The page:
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Carole Mikita reporting As millions the world over mourn the passing of Pope John Paul II, those feelings are echoed here in Utah. For so many Catholics, he is the only leader they have known.
But any service on his passing, should also be a celebration of his life, because so often John Paul spoke of the value of human life.
Bishop George Niederauer, Salt Lake Diocese: "A key theme, really from his experience in philosophy and theology is the priceless value of every individual human person."
That is embodied in the pope's lifelong battle against communism. As a young priest, Karol Wolteja, in Poland fought valiantly against that government's persecution of his faith for 30 years.
Bishop Niederauer: "He lived under a system where every morning, afternoon and evening, all the forces of government were brought to bear on making his leadership on the local church in Poland, as difficult as possible."
As the leader of Utah's Catholics, Bishop Niederauer has met with the pope twice, first in 1998... 20th anniversary of his election.
During their visit in June of 2004, Bishop Niederauer noticed a much weaker pontiff but still one who cared about his flock in Utah.
Bishop Niederauer: "Ministering to families-- he was very interested in marriage and family life, and how we support that by the differnt programs we have. He's just very caring about people."
So many, not of his faith, held Pope John Paul II in high esteem. Utah Philanthropist Jon Huntsman, Sr. places himself among them. He remembers meeting the pontiff.
Jon M. Huntsman, Sr.: "He put his arms around me and he first kissed me on the cheek, and then he said, 'Mr. Huntsman, I want you to know that I love you and I am so grateful for what you have done for others.' And I said, 'And I, too, want to thank you very, very much on behalf of everyone from Utah and everyone from the United States for the remarkable way in which you treat people.'"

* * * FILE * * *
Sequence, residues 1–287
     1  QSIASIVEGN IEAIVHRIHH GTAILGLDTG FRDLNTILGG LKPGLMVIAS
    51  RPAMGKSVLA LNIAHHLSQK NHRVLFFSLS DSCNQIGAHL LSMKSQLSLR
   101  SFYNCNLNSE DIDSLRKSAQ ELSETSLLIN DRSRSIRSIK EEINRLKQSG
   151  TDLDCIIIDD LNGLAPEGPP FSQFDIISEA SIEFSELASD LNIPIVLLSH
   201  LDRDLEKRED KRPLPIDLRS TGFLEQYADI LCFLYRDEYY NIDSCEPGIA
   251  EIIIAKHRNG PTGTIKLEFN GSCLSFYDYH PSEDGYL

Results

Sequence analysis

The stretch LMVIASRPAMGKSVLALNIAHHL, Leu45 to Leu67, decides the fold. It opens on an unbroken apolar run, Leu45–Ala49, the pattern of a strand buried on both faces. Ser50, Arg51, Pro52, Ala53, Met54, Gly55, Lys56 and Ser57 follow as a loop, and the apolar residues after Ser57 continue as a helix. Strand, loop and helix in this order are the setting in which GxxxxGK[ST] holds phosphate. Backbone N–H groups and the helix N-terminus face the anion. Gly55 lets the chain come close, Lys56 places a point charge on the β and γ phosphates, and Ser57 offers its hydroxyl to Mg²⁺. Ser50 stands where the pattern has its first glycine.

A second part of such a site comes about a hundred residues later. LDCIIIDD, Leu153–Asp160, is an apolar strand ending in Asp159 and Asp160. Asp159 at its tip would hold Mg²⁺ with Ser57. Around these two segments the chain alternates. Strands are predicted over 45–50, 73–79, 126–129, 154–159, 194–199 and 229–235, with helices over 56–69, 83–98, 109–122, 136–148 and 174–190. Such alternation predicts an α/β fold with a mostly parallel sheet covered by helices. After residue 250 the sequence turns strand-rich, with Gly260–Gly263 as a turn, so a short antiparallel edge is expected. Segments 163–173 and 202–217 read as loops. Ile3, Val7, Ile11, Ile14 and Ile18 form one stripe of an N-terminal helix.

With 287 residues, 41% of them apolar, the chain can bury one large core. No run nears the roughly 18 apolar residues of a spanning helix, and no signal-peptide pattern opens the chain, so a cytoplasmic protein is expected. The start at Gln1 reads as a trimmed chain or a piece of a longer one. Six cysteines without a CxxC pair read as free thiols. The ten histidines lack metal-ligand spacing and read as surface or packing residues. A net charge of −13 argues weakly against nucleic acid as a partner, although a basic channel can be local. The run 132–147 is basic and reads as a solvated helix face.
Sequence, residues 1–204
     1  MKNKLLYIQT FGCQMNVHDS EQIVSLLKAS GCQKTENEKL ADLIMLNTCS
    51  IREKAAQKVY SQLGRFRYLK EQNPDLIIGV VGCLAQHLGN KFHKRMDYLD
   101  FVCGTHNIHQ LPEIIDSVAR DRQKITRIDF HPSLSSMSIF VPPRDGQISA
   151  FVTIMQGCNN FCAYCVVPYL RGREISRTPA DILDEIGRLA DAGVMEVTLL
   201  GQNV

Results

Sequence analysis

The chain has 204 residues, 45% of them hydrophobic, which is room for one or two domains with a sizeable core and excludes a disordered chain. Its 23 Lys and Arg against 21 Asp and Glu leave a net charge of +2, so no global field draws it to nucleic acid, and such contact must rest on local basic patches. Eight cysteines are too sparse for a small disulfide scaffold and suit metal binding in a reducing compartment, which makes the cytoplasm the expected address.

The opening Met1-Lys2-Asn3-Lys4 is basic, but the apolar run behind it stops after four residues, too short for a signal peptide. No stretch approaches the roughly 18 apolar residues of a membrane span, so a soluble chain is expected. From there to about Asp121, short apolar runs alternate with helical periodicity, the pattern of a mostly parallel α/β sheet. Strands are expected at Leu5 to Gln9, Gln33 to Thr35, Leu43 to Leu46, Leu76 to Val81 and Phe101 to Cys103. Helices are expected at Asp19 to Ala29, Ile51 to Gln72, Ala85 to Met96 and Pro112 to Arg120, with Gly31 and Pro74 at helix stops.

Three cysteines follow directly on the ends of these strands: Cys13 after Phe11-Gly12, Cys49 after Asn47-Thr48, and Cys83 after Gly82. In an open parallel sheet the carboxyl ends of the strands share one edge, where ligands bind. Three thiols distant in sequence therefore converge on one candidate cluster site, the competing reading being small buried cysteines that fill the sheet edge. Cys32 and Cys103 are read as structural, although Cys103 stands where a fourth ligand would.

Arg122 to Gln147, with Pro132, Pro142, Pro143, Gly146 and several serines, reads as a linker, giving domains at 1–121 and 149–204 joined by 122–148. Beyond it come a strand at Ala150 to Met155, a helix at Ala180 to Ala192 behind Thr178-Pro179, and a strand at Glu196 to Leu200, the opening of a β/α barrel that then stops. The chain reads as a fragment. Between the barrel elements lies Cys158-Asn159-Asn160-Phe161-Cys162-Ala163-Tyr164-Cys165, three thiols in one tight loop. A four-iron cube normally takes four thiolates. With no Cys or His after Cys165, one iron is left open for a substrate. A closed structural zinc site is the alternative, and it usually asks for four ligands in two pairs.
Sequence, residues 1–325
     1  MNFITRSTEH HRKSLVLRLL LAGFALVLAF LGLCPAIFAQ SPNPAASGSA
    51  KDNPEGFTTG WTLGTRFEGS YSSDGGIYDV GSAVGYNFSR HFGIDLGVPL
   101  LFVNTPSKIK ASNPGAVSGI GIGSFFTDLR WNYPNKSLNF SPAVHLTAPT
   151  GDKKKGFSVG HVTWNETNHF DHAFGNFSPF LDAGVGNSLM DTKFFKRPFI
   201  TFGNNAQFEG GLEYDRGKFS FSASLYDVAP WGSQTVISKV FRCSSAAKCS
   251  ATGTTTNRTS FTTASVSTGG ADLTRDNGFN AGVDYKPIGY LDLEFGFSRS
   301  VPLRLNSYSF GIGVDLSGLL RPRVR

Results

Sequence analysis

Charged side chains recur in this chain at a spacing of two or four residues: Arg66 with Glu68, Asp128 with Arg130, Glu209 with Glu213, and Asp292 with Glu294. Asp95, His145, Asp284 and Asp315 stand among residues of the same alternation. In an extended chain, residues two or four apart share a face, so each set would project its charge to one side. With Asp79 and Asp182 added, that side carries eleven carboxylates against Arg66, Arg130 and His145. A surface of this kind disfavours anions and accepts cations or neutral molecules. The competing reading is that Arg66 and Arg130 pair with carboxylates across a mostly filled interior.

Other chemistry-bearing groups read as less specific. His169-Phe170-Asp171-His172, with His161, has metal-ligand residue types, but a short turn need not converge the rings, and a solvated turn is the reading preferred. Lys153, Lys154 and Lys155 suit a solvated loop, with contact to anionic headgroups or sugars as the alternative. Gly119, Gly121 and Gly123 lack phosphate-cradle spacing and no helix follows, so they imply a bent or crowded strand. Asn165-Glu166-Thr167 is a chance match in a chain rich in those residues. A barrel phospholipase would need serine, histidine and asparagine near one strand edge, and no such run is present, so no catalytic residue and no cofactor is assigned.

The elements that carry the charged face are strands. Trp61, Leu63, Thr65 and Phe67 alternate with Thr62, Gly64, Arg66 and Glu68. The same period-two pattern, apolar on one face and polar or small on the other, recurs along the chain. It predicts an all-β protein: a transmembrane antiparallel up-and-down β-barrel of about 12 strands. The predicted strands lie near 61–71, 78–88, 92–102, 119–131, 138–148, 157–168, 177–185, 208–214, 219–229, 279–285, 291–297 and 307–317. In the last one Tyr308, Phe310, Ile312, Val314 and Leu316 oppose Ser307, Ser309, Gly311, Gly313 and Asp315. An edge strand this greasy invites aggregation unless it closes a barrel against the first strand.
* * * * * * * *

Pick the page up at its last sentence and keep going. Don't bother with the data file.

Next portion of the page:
One of the endearing qualities about John Paul was his appeal to young people. Here in Utah, he is described as a religious diplomat.
Channing McCabe, Judge Memorial H.S. senior: "Reaching out to all communities. Being such an inspirational, spiritual guide. I think that's one of the biggest contributions he's given to our society."
Sam Hatziathanasiou, Judge Memorial H.S. senior: "It's because he's done so much to help so many people that universally he's just recognized as a very gracious man who really has a will, a strong will not only to serve God but to help people."
Always a strong presence, John Paul II will be remembered as a very holy, very dedicated man of faith.
Corethia Qualls, Ph.D., Judge Memorial H.S. Religous teacher: "The most active part of his career has been his travels. He's been a pope for all the world."
At evening mass Saturday, words of comfort.
"Certainly there is deep sorrow in the hearts of people of all faiths, throughout the world. But we will all be nourished by his legacy and the memories of the precious days of his papacy."
Inside the Cathedral of the Madeleine now rests a portrait of the Holy Father, draped in black.
John Paul II was described today as a leader with great zeal, imagination and creativity, helping people find solutions to problems in the modern world.
Bishop George Niederauer, Diocese of Salt Lake City: "It's a powerful symbol to us that this is all happening in the Easter season and, indeed, in Easter week. It is a powerful sign of our hope."
Christopher Wilson: "I just know that Catholics right now are mourning everywhere. I know for a fact, because there will never be another him, never."
Christo Krsceyak: "Today is a very sad day. We had to be here, so we are here. We are praying. We will be crying."
The Catholic Diocese will hold a special funeral mass to honor the Pope on the same day as the one at the Vatican. That should be in four to six days.